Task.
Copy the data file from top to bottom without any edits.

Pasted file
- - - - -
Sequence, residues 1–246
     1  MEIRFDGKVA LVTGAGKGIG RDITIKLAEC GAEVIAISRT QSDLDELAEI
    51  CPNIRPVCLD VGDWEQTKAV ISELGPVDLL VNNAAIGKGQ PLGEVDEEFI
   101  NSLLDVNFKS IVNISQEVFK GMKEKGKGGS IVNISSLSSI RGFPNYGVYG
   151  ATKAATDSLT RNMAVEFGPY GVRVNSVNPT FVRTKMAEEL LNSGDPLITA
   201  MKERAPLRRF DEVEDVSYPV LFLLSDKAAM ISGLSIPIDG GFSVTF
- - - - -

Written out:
Sequence, residues 1–246
     1  MEIRFDGKVA LVTGAGKGIG RDITIKLAEC GAEVIAISRT QSDLDELAEI
    51  CPNIRPVCLD VGDWEQTKAV ISELGPVDLL VNNAAIGKGQ PLGEVDEEFI
   101  NSLLDVNFKS IVNISQEVFK GMKEKGKGGS IVNISSLSSI RGFPNYGVYG
   151  ATKAATDSLT RNMAVEFGPY GVRVNSVNPT FVRTKMAEEL LNSGDPLITA
   201  MKERAPLRRF DEVEDVSYPV LFLLSDKAAM ISGLSIPIDG GFSVTF